I think the best way to not turn your pasture into mud soup through late winter/spring is to not overstock.  If you have plenty of pasture with good grass coverage & only a few animals, you can manage to allow them access to the pasture without damaging it.  Otherwise, you need to keep them off the pasture & have a “sacrifice lot” to keep the animals in over winter/spring.  This is pretty much where we’re at.  We like to feed hay out in the pasture over winter, in different spots each day, to double as a pasture over-seeding plan, but there still comes a time when we have to close the pasture & keep them in the “swamp”….well, at least that’s what it looks like now.  We need to get the “swamp” turned back into a bearably decent sacrifice lot at least, a decent pasure paddock at best.  The main problem with it is drainage.  Drainage-expert/friend Steve is currently working on figuring out a solution to get this paddock draining properly so we don’t end up with standing water….and mud.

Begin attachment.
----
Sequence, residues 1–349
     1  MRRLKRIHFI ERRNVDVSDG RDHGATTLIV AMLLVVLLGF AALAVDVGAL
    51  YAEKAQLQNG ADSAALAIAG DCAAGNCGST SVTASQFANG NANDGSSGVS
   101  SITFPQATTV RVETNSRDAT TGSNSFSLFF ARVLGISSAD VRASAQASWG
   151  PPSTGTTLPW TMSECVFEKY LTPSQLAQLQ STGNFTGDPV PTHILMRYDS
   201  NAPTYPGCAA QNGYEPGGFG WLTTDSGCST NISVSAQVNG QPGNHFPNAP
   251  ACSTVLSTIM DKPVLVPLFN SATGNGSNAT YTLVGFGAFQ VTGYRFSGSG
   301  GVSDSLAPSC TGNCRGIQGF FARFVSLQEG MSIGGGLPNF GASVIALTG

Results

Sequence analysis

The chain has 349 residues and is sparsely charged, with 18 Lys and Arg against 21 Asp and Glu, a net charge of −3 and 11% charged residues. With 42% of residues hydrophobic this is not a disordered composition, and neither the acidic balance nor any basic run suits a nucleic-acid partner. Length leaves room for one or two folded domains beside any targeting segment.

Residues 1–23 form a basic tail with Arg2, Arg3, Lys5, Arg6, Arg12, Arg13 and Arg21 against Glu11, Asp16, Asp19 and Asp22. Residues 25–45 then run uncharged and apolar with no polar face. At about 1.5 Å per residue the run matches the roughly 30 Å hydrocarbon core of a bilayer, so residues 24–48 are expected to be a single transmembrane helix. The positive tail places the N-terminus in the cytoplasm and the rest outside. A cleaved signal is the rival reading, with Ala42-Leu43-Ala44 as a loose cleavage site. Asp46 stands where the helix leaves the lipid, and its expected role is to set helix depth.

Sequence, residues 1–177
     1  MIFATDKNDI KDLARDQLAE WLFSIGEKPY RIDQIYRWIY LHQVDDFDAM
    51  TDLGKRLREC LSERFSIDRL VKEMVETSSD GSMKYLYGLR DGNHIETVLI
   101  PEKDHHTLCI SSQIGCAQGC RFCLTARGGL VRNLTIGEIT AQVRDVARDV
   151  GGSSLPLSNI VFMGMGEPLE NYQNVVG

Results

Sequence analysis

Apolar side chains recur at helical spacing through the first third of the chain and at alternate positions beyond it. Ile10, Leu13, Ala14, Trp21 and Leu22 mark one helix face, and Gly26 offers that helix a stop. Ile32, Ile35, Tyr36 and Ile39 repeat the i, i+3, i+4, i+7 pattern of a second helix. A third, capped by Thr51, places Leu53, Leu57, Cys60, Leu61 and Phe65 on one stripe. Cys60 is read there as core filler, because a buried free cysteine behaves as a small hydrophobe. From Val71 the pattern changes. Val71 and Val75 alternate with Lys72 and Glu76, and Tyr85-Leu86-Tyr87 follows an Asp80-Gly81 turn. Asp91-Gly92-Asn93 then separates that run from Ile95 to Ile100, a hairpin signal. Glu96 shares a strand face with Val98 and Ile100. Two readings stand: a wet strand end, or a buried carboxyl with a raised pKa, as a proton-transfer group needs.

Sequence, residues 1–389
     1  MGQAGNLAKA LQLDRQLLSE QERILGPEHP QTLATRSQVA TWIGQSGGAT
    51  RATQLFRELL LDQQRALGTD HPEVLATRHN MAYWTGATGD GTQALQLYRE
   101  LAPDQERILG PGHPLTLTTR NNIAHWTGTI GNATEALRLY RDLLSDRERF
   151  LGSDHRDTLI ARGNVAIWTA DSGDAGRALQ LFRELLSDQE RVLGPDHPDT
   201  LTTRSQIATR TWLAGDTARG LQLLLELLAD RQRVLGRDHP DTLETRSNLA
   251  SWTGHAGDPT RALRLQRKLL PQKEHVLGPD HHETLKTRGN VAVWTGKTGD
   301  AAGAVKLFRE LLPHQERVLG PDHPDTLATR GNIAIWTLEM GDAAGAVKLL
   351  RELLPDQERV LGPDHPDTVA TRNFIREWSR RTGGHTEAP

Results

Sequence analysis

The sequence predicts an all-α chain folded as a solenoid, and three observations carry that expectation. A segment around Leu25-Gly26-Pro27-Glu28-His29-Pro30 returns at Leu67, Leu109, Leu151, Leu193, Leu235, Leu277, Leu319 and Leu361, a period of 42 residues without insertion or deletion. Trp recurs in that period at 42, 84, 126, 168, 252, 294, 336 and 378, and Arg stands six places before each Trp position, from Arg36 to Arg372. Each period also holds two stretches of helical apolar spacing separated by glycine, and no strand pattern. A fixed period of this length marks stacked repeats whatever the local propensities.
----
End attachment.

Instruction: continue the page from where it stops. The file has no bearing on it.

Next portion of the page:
Hershey joins momma in the parlor for milking...and, no, it's not a kitty litter ad. I don't think kitty litter helps with mud, does it?

Another problem is areas where the cattle or horses stand or walk continually.  You know….the gates they stand there peering over, the shady trees they hang out under and the path they take every day.  Areas around water troughs & permanent feeders can get mucky, too.  A lot of these places can be stabilized with drain-rock or gravel, and keeping manure cleaned up can help as well.  Anywhere that you’ll be driving through with truck or tractor on a regular basis should definitely be gravelled also.  And, no, walking or standing on gravel will not hurt your horses’ or cows’ feet.  In fact, it’s actually beneficial, helping to keep their hooves self-trimmed the way God intended.